President Biden acknowledged that boycotts of states by large corporations could hurt lower-income workers, in comments at a White House press conference on Tuesday.
Biden was asked at the conference if he thinks the Masters Tournament, a major golf competition, will move out of Georgia because of the state’s recently-passed election law.
“I think that’s up to the Masters,” Biden said. The president’s statement comes after he backed Major League Baseball’s decision to move the All-Star Game from Atlanta to Denver, Co.
The MLB moved the game in protest of Georgia’s election law, which Republicans have characterized as enhancing election integrity, while Democrats view it as an attempt at voter suppression. The All-Star game is estimated to bring millions in revenue to host cities.
“It is reassuring to see that for-profit operations and businesses are speaking up about how these new Jim Crow laws are just antithetical to who we are,” Biden said. But “the other side to it, too, is when they in fact move out of Georgia…people who are making hourly wages sometimes get hurt the most.”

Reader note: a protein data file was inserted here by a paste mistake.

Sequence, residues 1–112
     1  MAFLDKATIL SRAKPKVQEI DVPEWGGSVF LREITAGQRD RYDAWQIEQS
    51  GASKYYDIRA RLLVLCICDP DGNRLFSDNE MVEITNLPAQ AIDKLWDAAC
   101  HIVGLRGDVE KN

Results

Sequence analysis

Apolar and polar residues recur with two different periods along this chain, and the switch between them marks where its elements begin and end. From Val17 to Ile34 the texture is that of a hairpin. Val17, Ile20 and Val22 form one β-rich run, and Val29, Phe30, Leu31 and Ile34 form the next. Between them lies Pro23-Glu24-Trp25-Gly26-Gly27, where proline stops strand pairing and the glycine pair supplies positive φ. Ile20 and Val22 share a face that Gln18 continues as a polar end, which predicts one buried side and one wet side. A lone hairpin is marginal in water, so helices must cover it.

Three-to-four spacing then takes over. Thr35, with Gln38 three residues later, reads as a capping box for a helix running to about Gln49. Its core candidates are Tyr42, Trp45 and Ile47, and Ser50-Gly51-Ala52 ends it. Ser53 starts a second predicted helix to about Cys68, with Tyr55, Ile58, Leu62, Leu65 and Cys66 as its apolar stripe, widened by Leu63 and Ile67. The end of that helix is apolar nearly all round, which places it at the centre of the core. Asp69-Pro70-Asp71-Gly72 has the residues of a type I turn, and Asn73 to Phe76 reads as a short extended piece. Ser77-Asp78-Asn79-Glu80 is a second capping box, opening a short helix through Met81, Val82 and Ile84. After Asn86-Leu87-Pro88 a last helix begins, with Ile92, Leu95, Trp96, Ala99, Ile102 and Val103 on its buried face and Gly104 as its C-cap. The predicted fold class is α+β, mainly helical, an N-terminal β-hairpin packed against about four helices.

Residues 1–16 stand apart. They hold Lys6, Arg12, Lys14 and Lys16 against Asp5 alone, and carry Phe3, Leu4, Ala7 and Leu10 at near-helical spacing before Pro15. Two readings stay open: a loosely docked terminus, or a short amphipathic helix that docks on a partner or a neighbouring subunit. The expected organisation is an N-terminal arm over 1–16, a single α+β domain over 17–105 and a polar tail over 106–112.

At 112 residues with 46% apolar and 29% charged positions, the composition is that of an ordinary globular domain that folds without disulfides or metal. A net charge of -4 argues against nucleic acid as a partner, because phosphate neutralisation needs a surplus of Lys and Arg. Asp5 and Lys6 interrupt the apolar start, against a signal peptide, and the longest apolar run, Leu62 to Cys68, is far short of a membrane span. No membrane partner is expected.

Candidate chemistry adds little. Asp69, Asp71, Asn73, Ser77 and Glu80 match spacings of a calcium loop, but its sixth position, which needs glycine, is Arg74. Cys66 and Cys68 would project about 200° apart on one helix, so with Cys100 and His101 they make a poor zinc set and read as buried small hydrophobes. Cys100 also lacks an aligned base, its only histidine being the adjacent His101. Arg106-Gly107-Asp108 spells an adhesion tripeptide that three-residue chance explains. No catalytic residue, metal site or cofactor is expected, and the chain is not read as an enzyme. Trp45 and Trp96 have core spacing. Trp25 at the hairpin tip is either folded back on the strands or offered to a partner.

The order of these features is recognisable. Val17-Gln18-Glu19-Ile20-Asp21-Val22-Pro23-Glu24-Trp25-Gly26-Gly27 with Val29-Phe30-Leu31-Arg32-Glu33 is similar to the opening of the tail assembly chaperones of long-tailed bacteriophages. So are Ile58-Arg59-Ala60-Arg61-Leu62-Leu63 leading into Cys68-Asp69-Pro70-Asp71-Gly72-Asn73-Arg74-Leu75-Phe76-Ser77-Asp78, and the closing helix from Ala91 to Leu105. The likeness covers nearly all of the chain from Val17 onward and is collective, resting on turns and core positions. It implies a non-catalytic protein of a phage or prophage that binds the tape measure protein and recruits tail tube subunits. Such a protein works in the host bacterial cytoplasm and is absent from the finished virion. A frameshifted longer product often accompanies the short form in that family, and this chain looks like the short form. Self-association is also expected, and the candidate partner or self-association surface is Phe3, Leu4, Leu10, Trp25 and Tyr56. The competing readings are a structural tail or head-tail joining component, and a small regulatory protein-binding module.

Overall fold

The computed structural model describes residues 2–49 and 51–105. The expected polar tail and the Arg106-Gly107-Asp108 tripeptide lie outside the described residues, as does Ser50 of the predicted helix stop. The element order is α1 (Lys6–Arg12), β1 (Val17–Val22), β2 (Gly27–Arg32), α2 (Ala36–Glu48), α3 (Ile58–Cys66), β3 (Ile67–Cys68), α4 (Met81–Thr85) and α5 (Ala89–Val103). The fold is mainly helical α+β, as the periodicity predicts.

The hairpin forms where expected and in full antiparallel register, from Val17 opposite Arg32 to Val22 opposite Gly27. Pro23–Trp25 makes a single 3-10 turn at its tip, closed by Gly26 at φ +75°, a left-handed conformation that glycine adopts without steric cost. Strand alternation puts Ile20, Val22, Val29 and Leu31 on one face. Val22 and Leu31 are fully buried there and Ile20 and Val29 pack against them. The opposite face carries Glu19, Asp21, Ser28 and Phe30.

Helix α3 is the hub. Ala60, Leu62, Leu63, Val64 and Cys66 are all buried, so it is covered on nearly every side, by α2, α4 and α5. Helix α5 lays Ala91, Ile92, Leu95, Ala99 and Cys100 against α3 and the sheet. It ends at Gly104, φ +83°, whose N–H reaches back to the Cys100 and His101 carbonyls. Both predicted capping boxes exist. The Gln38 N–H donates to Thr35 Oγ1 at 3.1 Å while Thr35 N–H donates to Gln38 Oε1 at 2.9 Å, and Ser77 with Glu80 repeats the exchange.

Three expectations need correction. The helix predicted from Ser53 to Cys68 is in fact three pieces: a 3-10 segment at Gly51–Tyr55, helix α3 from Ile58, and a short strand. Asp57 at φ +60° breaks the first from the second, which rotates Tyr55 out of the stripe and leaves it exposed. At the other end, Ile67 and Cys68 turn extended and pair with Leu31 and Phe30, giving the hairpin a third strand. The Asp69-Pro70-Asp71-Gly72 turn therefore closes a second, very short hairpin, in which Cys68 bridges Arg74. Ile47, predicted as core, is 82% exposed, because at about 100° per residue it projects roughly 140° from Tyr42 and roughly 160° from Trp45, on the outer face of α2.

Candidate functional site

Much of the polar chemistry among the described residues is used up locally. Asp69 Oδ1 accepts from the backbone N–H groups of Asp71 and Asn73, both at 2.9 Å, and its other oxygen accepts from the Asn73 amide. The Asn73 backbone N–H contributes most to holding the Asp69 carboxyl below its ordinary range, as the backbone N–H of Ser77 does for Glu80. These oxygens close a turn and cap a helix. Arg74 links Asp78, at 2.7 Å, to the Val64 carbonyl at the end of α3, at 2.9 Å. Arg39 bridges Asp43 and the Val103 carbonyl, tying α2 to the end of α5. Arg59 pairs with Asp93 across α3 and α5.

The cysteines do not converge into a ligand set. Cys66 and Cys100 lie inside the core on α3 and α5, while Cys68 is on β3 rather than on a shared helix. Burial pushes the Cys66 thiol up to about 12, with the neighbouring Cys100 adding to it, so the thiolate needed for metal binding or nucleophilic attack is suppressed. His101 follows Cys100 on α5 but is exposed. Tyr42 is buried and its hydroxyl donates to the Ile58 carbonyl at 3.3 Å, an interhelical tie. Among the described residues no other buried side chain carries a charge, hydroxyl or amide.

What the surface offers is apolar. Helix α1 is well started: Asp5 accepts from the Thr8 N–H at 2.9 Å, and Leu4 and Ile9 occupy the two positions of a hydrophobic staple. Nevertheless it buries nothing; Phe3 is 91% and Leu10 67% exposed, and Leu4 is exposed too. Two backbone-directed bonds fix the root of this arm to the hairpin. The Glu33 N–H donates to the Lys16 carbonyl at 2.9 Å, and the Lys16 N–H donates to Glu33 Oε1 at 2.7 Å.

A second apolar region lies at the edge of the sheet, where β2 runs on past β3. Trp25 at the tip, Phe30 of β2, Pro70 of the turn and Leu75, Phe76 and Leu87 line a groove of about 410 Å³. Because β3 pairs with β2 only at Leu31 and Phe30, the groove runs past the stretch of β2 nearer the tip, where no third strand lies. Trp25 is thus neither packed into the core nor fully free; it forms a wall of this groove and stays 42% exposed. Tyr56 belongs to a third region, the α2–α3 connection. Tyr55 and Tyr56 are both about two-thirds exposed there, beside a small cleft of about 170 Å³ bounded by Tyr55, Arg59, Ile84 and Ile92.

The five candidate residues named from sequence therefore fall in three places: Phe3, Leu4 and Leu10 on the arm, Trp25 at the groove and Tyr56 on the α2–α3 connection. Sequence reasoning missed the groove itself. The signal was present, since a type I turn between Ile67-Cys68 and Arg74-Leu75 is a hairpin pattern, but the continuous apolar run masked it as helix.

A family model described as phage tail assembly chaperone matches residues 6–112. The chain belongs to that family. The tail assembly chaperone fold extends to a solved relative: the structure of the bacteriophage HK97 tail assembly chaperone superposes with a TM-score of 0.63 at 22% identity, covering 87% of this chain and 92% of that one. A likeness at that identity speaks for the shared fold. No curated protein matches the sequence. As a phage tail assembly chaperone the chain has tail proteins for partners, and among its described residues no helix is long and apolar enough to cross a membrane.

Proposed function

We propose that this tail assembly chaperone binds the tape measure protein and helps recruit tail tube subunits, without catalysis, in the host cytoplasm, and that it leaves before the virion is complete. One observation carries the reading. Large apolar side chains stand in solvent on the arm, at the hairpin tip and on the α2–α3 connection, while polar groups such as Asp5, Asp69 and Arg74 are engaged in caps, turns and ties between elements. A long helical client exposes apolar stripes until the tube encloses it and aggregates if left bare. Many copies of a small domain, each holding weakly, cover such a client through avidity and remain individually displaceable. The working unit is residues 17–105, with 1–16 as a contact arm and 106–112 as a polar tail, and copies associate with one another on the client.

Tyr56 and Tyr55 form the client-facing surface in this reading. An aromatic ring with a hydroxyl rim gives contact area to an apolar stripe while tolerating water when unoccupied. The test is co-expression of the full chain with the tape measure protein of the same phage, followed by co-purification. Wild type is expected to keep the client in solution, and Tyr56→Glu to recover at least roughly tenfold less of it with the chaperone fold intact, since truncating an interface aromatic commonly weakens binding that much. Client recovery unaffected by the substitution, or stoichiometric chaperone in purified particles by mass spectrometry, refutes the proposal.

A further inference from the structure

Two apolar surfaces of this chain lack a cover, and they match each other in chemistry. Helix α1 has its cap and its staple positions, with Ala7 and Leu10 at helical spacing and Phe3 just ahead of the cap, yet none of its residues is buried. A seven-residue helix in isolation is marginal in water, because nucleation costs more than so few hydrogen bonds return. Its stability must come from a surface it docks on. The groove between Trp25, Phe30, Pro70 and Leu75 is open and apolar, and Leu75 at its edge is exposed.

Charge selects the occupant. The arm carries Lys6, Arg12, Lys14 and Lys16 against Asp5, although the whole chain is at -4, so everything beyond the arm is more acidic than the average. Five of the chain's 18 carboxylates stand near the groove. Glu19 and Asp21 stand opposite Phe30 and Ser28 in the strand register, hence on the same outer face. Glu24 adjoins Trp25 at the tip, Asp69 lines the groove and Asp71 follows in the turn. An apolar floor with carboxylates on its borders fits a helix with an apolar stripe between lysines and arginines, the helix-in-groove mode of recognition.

The president added that the “best way to deal with” the threat of boycotts would be for states to “smarten up” and not pass legislation similar to Georgia’s.
Republicans slammed the MLB for its decision to relocate. Senate Minority Leader Mitch McConnell (R., Ky.) warned on Monday of “serious consequences” for corporations that act like “a woke parallel government.”
“Our private sector must stop taking cues from the Outrage-Industrial Complex. Americans do not need or want big business to amplify disinformation or react to every manufactured controversy with frantic left-wing signaling,” McConnell said. “Corporations will invite serious consequences if they become a vehicle for far-left mobs to hijack our country from outside the constitutional order.”